That was the end of the funny part, but I'll go ahead and finish the rest of the story: then he tried to give me a needle and I panicked because I hate needles and told him to just drill the cavity without anesthesia. He asked me if I ever had a cavity drilled before and if I was sure. I told him no but there was no way I was getting a needle in my mouth, so we just skipped the anesthesia. Turns out it kind of tickles, for me at least.

-Sky Bones 

A:

Dear Reader,

I had braces from the sixth grade until my junior year in high school. It was horrible.

As far as funny stories, when I got my wisdom teeth out, they put me completely under. My memory of this is totally seamless. I remember the dentist leaning over me saying, "Ok, you're going to start to feel sleepy and you can go home now, we're all done." I put up a serious fight for about five minutes. I was all, "no way I'm leaving until you take my teeth out." The doctor finally took a mirror and showed me my swollen mouth full of blood. He asked how it was possible that I was bleeding so much without having any teeth removed. Convinced by his irrefutable logic, I walked out of the room and then I proceeded to ask my mom what time it was every 20 seconds for half an hour until the full effects of the anesthetic wore off.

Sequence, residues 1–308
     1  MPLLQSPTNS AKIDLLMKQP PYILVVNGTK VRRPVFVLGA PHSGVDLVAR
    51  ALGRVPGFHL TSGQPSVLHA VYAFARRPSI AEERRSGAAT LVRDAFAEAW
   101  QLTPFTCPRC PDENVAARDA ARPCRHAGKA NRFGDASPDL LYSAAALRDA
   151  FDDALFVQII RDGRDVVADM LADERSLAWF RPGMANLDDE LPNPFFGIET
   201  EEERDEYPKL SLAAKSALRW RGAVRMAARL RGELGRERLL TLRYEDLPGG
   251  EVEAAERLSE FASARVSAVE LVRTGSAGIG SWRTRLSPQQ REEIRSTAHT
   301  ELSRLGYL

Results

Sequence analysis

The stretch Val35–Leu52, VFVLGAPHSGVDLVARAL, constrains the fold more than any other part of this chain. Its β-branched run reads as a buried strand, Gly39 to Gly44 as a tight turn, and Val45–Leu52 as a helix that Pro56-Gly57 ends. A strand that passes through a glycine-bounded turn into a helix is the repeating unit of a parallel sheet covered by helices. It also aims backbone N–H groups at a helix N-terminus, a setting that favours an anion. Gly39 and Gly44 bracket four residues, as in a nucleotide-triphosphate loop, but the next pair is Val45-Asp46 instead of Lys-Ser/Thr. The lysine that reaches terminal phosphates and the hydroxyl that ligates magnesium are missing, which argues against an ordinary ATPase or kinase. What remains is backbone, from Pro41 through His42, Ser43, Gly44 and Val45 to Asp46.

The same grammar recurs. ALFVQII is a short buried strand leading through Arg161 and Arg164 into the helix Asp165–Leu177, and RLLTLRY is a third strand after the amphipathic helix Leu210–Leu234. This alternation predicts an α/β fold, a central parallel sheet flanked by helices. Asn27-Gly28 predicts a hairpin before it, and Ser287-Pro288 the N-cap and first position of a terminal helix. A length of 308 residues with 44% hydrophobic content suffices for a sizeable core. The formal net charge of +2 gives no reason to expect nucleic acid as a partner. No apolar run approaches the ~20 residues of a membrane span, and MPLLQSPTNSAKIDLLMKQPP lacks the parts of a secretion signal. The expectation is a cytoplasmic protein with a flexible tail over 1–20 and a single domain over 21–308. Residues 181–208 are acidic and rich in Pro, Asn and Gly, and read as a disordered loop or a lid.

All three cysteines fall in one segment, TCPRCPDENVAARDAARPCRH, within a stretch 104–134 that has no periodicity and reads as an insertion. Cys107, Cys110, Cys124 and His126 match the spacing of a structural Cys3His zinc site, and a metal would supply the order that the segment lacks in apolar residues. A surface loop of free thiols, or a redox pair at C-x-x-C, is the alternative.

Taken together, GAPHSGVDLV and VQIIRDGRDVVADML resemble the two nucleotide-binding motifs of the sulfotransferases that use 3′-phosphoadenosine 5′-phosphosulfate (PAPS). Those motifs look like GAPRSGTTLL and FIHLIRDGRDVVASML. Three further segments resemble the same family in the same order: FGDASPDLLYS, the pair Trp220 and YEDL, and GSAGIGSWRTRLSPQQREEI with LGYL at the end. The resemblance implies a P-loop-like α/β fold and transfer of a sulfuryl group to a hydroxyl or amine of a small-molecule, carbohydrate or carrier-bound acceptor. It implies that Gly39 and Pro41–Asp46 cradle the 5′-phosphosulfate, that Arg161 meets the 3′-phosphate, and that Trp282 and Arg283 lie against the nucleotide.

Also, once while my orthodontist was in the middle of rewiring my braces he asked me, in all seriousness, if I was interested in buying a buffalo. Like a real live buffalo. I was 13 years old.

Best,

The Man with a Mustache

A:

Dear Nellie Bly,

I didn't realize how lucky I was - I had braces for a little under a year. I had them while I was still in high school.

I got partially clear braces - the part that was actually attached to my teeth was clear, but the wire that connects all of those pieces was still metallic. I was meticulous about keeping them clean. I just hated the feeling (and look) of having something attached to my teeth, especially if it was dirty. Having them so clean kind of ruined the day I got them off. I walked triumphantly into seminary the day after they were removed to announce to the class that my braces were off, only to get reactions such as, "You had braces?" and "I always thought that was just a retainer."

So I guess it could have been much, much worse.

- Haleakalā

A:

Dear Elizabeth Jane Cochrane,

I had braces for about 2 years, after my mission, while at BYU. The only amusing thing about it is that one of my roommates worked as an assistant at my orthodontist's office, so he would occasionally work on my teeth. That roommate is now a dentist.

-=Optimus Prime=-

A:

Dear Nell:

I had them for about 17 months my junior and senior years of high school.

My orthodontist was my high school crush's father. I was pretty embarrassed when he asked what I'd been up to lately for a retainer check-up and I said something lame like "asking your son out." I don't think he even realized I was in his son's (very small) graduating class.

---Portia

A:

Dear NB,

I had braces for over seven years. In fairness to my orthodontists, my teeth have shifted very little without having to use retainers, but seven years.